Holiday Stress

Let’s be honest. Life is hard. Although a gracious journey filled with important lessons and warm memories, life is still hard. Externally we are bombarded with tough decisions, losses, betrayals and unexpected failures. Internally we fight against the our own childhood damage and lingering trauma. Our stress levels elevate as we try to navigate all the challenges presented to us as human beings. As if all of that weren’t enough to contend with, we get thrown an annual curveball that can send our sanity spiraling into a tailspin of overwhelm and anxiety: The Holidays.



Statistical analysis in the U.S. has reported that nearly a quarter of their population experience “extreme stress” during the November and December months while prepping for Christmas day, Hanukkah, Kwanza or whatever year-end festivity is observed. There is also the pressure of New Year’s which influences the self-imposed directive of doing more, being better and miraculously overcoming life-long bad habits in the course of one champagne soaked night.


There is the ever daunting social politics of the family holiday gathering where passive aggressive energies can evolve into full-blown fights over how to cut a Christmas ham. Let’s not forget about the steep financial demands requiring us to spend money on gifts, on food, on events, on outfits for said events, plane tickets, and bottles of wine because lord forbid you embarrass yourself by showing up to the potluck empty handed.


Our healthy coping mechanisms are thrown to the wayside as the gym sees us less and less but pints of Haagen Dazs sees us more and more. We sleep less, we work more and our time gets even more constrained by a long list of social obligations demanding our attendance all in the name of December. It is no wonder that when The American Psychological Association completed a survey on holiday stress they found that 69% of people have found themselves stressed by the lack of time, 69% are stressed by the lack of money and 51% are stressed by the pressure to give gifts. If you have found yourself experiencing some combination of headaches, sleep disturbances, fatigue, difficulty concentrating, short temper, upset stomach, low job satisfaction, low morale, aching muscles, loss of appetite, over eating, behavior changes, and a decline in productivity then color yourself stressed out. However, fear not. This wouldn’t be a Goalmachine article if we did not offer you simple solutions to re-gain control of your life:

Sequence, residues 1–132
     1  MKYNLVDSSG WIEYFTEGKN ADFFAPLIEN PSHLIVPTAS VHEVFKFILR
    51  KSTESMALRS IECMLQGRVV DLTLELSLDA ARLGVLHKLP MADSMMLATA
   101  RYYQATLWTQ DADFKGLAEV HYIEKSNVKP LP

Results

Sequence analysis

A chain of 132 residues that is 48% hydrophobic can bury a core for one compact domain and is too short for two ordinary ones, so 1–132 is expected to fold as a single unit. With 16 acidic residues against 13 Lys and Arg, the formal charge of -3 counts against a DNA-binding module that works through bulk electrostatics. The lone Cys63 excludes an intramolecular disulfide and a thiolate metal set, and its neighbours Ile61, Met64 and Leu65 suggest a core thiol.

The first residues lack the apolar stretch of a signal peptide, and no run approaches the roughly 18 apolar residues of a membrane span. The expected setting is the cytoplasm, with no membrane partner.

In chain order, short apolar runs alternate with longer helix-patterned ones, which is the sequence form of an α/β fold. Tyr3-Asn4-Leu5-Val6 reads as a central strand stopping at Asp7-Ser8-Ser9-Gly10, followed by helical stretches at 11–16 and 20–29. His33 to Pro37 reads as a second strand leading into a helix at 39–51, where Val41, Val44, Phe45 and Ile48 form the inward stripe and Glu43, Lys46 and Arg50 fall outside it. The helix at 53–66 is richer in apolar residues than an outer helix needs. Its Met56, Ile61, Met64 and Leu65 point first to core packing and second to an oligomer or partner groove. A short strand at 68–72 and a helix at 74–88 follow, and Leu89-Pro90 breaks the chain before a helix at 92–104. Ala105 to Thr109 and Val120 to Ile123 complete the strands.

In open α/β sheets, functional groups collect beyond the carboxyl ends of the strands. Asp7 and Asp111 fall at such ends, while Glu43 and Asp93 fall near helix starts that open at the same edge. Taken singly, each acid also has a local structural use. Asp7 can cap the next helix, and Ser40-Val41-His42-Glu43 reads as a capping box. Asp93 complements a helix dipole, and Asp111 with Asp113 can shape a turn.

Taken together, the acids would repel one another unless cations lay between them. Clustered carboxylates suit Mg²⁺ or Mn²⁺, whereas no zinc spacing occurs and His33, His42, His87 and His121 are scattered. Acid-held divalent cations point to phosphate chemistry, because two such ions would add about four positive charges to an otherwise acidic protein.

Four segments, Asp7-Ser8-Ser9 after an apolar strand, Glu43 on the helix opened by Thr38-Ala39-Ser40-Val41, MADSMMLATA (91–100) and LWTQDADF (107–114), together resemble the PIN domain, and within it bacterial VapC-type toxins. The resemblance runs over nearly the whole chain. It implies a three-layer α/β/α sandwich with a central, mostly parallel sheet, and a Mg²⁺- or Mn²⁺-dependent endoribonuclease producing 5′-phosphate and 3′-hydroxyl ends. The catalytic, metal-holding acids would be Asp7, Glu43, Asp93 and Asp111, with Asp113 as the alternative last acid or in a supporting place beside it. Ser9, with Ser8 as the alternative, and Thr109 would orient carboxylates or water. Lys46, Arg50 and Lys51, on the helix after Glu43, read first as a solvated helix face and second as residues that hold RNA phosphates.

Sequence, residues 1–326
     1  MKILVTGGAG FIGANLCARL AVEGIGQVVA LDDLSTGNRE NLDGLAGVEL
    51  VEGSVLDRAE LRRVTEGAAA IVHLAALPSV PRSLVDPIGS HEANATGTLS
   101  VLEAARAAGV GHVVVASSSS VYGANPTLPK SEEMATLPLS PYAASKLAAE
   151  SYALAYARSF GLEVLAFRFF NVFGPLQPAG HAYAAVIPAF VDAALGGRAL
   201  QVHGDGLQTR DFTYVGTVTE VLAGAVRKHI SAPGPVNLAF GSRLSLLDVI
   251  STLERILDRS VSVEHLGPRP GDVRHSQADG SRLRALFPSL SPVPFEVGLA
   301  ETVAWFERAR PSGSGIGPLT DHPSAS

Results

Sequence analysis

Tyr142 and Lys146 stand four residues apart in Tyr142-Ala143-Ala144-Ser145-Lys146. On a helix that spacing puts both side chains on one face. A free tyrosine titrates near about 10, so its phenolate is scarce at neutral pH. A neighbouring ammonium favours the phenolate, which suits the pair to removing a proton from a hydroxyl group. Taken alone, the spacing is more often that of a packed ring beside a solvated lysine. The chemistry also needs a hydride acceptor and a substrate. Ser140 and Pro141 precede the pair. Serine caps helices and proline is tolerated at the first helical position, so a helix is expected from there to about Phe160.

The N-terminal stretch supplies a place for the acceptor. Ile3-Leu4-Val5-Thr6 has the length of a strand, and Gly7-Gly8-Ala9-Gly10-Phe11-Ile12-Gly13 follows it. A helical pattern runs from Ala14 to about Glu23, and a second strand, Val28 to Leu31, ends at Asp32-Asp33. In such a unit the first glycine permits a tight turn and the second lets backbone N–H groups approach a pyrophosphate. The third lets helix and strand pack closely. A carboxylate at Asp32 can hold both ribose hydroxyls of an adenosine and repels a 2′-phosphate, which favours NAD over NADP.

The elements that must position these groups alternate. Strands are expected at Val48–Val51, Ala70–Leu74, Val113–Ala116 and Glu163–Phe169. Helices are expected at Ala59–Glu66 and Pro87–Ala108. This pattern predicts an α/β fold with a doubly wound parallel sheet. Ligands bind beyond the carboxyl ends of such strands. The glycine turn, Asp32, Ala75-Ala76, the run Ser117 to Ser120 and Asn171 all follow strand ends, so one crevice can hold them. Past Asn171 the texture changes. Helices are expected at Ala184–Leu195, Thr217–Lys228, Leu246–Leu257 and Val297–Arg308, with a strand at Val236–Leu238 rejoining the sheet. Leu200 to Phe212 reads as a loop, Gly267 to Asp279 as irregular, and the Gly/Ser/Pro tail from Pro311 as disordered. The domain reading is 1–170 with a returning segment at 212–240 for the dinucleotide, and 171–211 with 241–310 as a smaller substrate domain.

1) Do not fear being disliked. The majority of this added stress stems from social pressure. We buy the gifts, spend the money and eat the unhealthy food because a part of us wants to fit in. Everybody is riding the holiday wave and getting into a frenzied panic in part because everyone else is doing it. Take a moment to assess your own needs and prioritize them. Too tired to go to the party? Cancel. Can’t afford a big gift this year? Don’t buy it. Don’t disrupt the quality of your own life in order to appease others.


2) Commit to your healthy habits. It’s so easy to stop eating right, exercising and under sleeping in the name of the holidays as if there’s this invisible force compelling you stay up late at a party stuffing your face with tarts and guavaberry. But there is no force. There is just you and your choices. Don’t let this time of year derail you from taking care of yourself.


3) Stop and smell the poinsettias. The holidays can be tough but it can also be an extremely enjoyable time that can fill you with nostalgia and good vibes. It’s great excuse to connect with those you’ve fallen out of touch with, spend time with the people you love the most and honor all that you’ve accomplished in the past year. In the midst of the chaos, take time to be present and truly appreciate all that the holidays were actually meant for.



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